How Allergies Are Diagnosed

In This Article

The symptoms and timing of symptoms can give your doctor strong hints as to whether you have an allergy. However, in most cases, various tests are required to confirm a diagnosis. Testing procedures depend on the type of allergic disease in question.

Self Checks

Diagnosis of allergies starts at home. Keeping a diary of your activities, what you ate, when you got symptoms, and a good account of the symptoms is useful. Not only can you share this with your doctor, it can help you pinpoint sources of allergens to avoid in the future.

Home allergy test kits often have not been approved by the FDA or they are testing for the wrong type of antibody—IgG rather than IgE. Major medical organizations in the U.S., Canada, and Europe recommend against using these kits. They should never replace seeing a board-certified allergy physician to get an accurate diagnosis of what may be causing your symptoms.

Labs and Tests

The diagnostic tests and criteria differ based on the type of allergy. The only two valid types of testing are skin testing (prick/puncture and intradermal) and specific IgE (sIgE) blood testing. Blood testing procedures include radioallergosorbent test (RAST), enzyme-linked immunosorbent assay (ELISA), and ImmunoCAP testing.

Skin Testing

Skin testing for allergies has been standard for over 100 years. In the prick/puncture procedure, a scratch is made on the skin and a drop of a specific allergen is placed and inspected for a reaction. A bump like a mosquito bite indicates a positive reaction.

Intradermal skin testing can be more sensitive, but also has more false positives. Instead of scratching, the allergen is injected just under the top layer of the skin. This type of testing can't be used for food allergies.

Patch testing is done for contact dermatitis. Patches with a small amount of the suspected allergen are placed on the skin and kept there for about two days.

Blood Testing

Your doctor may have blood drawn to be tested for IgE antibodies to specific allergens. The older test is RAST, which has largely been replaced by ELISA testing and ImmunoCAP testing.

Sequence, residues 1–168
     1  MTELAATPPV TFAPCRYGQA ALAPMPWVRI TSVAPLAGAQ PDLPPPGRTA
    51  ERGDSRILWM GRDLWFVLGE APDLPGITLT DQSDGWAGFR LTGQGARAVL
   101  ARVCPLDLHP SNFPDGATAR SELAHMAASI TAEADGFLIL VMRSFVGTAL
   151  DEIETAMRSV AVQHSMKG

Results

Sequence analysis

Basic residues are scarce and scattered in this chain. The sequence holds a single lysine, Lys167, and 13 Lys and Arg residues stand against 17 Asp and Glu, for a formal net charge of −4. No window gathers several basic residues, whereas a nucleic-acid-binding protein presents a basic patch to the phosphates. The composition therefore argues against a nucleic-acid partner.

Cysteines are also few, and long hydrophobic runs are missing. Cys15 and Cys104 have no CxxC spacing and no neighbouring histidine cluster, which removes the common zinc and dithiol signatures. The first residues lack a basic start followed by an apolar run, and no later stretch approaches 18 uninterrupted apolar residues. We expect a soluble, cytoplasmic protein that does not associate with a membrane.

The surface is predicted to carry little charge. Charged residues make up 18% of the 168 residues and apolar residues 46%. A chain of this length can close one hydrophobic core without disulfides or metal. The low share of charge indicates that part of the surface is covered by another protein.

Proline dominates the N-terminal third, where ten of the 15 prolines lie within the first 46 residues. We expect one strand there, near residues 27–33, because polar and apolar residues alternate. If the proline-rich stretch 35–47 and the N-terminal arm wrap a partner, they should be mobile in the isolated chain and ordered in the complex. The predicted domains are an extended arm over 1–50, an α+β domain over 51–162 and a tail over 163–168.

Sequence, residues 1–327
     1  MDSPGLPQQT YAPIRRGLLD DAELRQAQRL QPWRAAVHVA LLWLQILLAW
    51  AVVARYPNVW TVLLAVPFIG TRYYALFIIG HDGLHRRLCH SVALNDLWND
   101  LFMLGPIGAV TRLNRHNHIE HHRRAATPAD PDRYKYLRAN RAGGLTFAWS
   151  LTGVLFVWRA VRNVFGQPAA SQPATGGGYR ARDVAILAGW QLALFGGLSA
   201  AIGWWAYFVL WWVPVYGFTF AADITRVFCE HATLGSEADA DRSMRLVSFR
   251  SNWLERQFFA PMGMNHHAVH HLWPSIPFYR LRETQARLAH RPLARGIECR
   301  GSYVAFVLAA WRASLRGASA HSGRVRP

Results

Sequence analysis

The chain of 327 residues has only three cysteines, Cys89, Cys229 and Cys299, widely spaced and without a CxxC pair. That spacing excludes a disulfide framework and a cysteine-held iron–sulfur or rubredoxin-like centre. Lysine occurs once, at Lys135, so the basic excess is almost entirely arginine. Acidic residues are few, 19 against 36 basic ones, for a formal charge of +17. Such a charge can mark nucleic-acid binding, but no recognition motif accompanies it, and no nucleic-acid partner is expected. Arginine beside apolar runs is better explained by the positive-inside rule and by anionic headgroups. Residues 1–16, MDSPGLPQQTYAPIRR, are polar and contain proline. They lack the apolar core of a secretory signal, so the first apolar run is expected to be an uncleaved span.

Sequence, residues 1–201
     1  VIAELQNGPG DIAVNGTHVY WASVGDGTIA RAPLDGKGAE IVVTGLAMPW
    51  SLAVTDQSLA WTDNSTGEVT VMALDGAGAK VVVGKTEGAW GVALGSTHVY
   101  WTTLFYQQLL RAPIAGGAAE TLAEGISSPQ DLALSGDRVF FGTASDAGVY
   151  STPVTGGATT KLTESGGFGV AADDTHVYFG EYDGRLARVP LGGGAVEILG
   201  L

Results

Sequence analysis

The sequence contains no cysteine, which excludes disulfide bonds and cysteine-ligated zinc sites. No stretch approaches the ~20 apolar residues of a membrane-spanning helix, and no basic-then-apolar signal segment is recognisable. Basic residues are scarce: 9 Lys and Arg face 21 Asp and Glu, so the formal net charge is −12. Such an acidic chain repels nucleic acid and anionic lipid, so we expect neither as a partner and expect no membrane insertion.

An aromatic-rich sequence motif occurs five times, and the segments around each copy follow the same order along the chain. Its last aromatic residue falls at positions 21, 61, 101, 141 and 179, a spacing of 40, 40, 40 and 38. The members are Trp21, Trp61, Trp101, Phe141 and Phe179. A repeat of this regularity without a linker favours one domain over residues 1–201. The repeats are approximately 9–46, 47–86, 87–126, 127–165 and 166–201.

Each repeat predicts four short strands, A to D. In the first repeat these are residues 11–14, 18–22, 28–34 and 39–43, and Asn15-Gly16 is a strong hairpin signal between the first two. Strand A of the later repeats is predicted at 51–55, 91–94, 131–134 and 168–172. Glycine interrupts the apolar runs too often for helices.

Numerous tests other than RAST, ELISA, ImmunoCAP, and skin testing are performed by non-allergy practitioners or people who call themselves “allergists” but lack formal training and national board certification in the field of allergy and immunology. These controversial tests should be avoided.

Atopic Dermatitis

There is no blood test that can be used to diagnose atopic dermatitis. Instead, a physician must examine a patient and review the history of her symptoms. In most cases, people with atopic dermatitis should have skin testing performed to airborne allergens (pollens, molds, pet dander, and dust mite) as well as to common food allergens.

There are three criteria that must be present in order to diagnose atopic dermatitis:

  • Allergies: The person must have allergies (at least one positive skin test) and/or a family history of allergic diseases in close relatives. There may be rare cases in which a person has atopic dermatitis without evidence of allergies.
  • Itching: The patient must have itching and scratching in order for the rash to occur. If the skin or areas of the rash do not itch or have not been scratched, then the person does not have atopic dermatitis.
  • Eczema: Eczema refers to the appearance of the rash in patients with atopic dermatitis; it also occurs in those with other skin diseases. The rash appears red, with small blisters or bumps. These may ooze or flake with further scratching. Over the long-term, the skin appears thickened and leathery.